PIB: Traditional ruler calls for collaboration with FG



King Edward Dakoro, a traditional ruler in Nembe, Bayelsa State has urged the Niger Delta region to cooperate with the Federal Government as it pursues passage of the Petroleum Industry Bill (PIB).

Dakoro, a former Minister of Petroleum spoke with the News Agency of Nigeria (NAN) on Thursday in Port Harcourt.

He said that the provisions of PIB were people-oriented as it also sought to address the issues of marginalization of oil-producing communities.

 

 

 

 

Dakoro urged all indigenous groups in the region clamouring to be captured clause by clause in the bill to understand that as indigenes they needed to have a bigger and recognisable status which the local governments had already provided for them.

“It definitely can’t be a collection of separate groups which are not legal entities that can either sue or be sued under a bill of this nature.

“Though, they may be registered bodies, their stand on grassroot representation is not defined and in such case there would be unnecessary duplication.

 

 

 

 

 

 

“The local government as we all know is a recognisable entity with fixed boundaries determined by law and with a population under the national population count, so administration of power, resources is purely hierarchical across the Federation,’’ he said.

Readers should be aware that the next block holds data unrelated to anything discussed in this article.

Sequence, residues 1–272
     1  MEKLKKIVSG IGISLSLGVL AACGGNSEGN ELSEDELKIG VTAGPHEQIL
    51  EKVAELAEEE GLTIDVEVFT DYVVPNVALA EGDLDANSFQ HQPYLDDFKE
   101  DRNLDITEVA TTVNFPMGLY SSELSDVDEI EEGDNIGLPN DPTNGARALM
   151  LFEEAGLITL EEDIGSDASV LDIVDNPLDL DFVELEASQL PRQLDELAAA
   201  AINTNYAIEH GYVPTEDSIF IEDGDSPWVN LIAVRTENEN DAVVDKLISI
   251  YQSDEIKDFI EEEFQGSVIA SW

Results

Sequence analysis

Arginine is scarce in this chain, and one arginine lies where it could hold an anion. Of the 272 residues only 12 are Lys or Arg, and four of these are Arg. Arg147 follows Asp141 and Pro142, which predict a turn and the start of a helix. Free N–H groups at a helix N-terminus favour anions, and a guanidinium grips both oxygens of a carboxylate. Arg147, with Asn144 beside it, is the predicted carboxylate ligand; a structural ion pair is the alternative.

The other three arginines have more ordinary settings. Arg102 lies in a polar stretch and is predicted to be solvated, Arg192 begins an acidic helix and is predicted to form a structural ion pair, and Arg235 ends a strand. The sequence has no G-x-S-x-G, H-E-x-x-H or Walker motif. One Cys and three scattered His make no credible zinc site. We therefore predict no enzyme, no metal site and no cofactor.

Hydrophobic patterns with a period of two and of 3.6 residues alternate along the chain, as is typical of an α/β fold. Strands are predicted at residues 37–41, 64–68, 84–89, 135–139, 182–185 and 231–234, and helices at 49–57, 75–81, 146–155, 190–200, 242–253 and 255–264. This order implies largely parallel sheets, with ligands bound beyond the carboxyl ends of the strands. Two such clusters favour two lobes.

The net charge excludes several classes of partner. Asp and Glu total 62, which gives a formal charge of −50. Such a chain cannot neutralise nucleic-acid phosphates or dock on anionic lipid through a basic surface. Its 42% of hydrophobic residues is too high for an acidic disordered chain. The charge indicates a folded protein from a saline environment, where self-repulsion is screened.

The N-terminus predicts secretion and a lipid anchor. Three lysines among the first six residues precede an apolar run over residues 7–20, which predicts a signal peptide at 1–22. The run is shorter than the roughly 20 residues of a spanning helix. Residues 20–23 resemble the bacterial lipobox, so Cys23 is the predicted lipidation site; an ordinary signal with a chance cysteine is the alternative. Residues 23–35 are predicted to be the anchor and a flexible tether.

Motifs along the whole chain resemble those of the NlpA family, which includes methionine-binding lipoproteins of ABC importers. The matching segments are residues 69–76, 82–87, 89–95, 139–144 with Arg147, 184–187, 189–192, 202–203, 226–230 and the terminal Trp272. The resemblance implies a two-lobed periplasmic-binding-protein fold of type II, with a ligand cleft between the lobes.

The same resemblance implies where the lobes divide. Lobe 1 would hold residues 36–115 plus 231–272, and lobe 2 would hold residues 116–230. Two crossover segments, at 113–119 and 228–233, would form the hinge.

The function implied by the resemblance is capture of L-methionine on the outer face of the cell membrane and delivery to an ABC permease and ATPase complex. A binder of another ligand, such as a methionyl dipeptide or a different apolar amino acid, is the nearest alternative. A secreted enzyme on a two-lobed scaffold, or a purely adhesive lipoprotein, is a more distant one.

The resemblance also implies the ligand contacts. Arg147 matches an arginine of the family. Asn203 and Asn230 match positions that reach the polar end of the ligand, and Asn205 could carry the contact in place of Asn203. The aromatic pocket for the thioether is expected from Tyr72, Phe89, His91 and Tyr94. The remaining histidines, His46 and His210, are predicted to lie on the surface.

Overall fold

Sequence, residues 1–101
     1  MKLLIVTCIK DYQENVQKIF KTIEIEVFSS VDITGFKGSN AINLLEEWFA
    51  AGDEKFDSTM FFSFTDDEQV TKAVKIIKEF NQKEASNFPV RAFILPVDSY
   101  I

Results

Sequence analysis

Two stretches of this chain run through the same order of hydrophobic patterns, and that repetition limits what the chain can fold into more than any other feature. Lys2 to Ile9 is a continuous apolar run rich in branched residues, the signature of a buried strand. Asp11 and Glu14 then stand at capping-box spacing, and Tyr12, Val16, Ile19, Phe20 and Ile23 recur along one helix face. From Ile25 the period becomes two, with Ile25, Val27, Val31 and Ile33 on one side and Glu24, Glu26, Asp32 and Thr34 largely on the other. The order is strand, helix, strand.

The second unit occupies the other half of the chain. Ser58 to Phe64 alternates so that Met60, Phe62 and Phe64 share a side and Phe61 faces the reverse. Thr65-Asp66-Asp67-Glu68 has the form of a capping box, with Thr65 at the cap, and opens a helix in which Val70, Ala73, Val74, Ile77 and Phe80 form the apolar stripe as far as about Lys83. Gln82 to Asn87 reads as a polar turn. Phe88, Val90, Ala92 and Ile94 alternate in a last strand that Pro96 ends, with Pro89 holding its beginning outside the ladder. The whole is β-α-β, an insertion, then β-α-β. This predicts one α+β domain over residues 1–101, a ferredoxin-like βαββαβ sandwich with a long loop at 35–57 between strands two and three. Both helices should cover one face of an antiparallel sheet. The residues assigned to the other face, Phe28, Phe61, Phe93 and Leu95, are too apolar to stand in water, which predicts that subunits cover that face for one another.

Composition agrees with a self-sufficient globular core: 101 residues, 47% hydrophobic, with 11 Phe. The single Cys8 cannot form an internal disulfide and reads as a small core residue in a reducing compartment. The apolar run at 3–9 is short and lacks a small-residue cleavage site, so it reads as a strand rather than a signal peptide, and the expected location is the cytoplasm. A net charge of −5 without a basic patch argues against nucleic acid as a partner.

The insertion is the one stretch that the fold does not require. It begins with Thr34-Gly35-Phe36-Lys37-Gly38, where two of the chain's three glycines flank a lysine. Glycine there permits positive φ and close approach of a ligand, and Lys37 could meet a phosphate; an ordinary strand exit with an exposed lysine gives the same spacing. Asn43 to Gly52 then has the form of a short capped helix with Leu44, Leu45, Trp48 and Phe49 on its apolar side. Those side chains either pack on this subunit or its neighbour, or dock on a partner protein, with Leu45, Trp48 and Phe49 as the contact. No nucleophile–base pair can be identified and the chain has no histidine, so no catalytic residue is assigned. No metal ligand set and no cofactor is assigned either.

Dakoro therefore, urged the Federal Government to emphasise more on those clauses that supported community inclusion and local content.

“If perhaps these indigenous groups are complaining about areas such as overall space occupied by oil operational activities and operators then, the aspect of local content would satisfy their curiosity,’’ he added.

 

 

 

 

 

 

 

Dakoro wondered why the country could not step in the gaps that the foreigners adopted since commercial discovery of crude oil about 70 years ago.

“Why are we still waiting for foreigners to keep baking our cakes for us? Can we say that we don’t have enough expertise? Or that we cannot raise capital? Nigeria must indeed bear the blame.

“Oil is generally pioneered by technology so, if Nigeria has learnt from foreigners for 70 years, then the area of technology which definitely is a global collaborative effort would have been sorted towards growing our local contents.

“It is so sad that the country is greatly dependent on foreigners for virtually everything,’’ he said. (NAN)

Be the first to comment

Leave a Reply

Your email address will not be published.


*